Emmanuel Macron's government has now announced that it has invited Binance, a crypto exchange site, to set up a European HQ in Paris. You have to ask: has Macron leapt on a bandwagon which has already started to lose its wheels?
The warning sign for cryptocurrencies is not so much that they have crashed – Bitcoin is down 50 per cent from its peak last November – but that they have become boring. Bitcoin has suffered many a crash before, yet bottom-feeders quickly rushed into the market and sent the price rebounding.
This time around there is little sign of any enthusiastic speculation. On the contrary, a brief rally in March fizzled out as quickly as it had begun. Bitcoin now looks set to plunge below its previous peak of 31,776 reached last July.
Many thought that Bitcoin and other cryptocurrencies could turn out to be a hedge against inflation. Those hopes have been dashed. While most currencies have been devaluing against real-world assets, cryptocurrencies have been falling in value faster.
As for the other long-term incentive to hold Bitcoin – that it might provide a stable wealth store from the prying eyes of government – that started to decay a while ago as governments got better at tracking down cryptocurrencies.
So cryptocurrencies are no longer making anyone rapid fortunes, are no longer protecting against inflation, and governments are working out how to find them. What exactly is the attraction?
They are clearly little more than a pyramid scheme: (Ponzi) machines for redistributing wealth from players who are late into the gold rush to those who were early. And like all other pyramid schemes, they have a brief and finite life. Many of these new get-rich-quick schemes – like NFTs – have already come and gone.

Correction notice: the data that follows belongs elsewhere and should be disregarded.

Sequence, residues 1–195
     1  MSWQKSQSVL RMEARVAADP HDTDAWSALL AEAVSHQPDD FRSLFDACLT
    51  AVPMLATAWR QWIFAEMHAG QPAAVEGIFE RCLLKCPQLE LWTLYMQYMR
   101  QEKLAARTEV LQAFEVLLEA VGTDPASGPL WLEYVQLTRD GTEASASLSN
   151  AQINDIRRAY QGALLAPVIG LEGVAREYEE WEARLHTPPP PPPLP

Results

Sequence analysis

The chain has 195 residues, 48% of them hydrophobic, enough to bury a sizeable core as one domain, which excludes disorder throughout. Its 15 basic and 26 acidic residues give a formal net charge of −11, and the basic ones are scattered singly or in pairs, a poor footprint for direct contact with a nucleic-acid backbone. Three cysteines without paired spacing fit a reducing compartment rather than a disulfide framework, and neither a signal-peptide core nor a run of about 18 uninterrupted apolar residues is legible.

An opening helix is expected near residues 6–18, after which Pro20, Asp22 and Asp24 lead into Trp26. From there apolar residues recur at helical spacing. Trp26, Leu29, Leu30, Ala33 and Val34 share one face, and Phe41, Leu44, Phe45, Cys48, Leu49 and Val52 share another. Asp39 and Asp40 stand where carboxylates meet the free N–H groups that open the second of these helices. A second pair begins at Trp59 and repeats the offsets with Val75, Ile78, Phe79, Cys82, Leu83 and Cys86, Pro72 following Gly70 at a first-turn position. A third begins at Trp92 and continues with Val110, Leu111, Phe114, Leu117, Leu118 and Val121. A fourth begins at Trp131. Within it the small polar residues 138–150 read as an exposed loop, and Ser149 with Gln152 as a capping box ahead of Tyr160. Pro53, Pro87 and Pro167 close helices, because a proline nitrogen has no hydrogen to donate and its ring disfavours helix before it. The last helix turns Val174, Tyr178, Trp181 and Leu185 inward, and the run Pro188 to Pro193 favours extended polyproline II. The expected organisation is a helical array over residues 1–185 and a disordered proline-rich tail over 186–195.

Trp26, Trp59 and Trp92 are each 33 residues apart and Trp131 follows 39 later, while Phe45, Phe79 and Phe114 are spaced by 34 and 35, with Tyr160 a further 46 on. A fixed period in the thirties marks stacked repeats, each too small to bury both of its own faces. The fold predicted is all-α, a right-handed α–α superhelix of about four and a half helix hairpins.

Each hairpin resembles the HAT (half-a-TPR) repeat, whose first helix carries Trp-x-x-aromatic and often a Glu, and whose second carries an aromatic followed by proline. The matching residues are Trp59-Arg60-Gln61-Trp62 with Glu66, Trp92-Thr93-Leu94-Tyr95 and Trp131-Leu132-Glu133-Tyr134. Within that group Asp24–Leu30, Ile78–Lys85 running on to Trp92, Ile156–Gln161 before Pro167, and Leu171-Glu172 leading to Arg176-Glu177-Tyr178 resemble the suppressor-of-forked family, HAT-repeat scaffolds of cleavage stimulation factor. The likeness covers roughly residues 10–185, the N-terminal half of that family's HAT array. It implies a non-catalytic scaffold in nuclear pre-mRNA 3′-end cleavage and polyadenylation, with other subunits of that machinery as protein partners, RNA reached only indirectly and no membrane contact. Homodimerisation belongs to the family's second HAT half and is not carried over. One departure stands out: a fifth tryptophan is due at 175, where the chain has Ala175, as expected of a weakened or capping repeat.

Cryptocurrencies face not so much a rapid crash as a slide into nothingness. That a cryptocurrency exchange should want to take shelter in Macron's France, which is bound to end up regulating it to death, is the biggest ‘sell’ sign yet.
(Ponzi schemes and pyramid schemes are often confused with one another; however, each comes with a distinctly different structure and mode of operation. Ponzi schemes are outright frauds, while pyramid schemes may or may not be part of a legitimate business opportunity.
The major similarity between Ponzi schemes and pyramid schemes is that both require a continual flow of new investors in order to be sustained; once the flow of new investors begins to dry up, the scheme collapses.)